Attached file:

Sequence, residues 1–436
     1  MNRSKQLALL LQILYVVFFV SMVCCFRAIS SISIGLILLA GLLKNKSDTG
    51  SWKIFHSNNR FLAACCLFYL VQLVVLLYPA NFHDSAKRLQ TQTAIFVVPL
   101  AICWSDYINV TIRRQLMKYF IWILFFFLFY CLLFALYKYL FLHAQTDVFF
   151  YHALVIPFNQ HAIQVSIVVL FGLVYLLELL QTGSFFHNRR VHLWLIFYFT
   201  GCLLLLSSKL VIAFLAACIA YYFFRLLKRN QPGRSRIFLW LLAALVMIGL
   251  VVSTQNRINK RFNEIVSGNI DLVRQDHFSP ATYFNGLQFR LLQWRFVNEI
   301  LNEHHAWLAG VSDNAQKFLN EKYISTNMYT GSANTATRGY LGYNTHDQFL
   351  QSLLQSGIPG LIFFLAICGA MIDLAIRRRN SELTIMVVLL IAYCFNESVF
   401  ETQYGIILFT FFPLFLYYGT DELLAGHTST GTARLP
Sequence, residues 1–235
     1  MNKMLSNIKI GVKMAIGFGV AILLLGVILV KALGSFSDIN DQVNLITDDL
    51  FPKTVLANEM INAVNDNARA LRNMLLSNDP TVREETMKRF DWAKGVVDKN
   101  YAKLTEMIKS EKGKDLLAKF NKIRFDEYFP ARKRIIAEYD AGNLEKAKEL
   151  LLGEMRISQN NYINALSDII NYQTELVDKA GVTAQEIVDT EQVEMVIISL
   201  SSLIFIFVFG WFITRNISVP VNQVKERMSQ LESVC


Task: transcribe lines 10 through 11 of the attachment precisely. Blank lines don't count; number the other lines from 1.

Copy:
   401  ETQYGIILFT FFPLFLYYGT DELLAGHTST GTARLP
Sequence, residues 1–235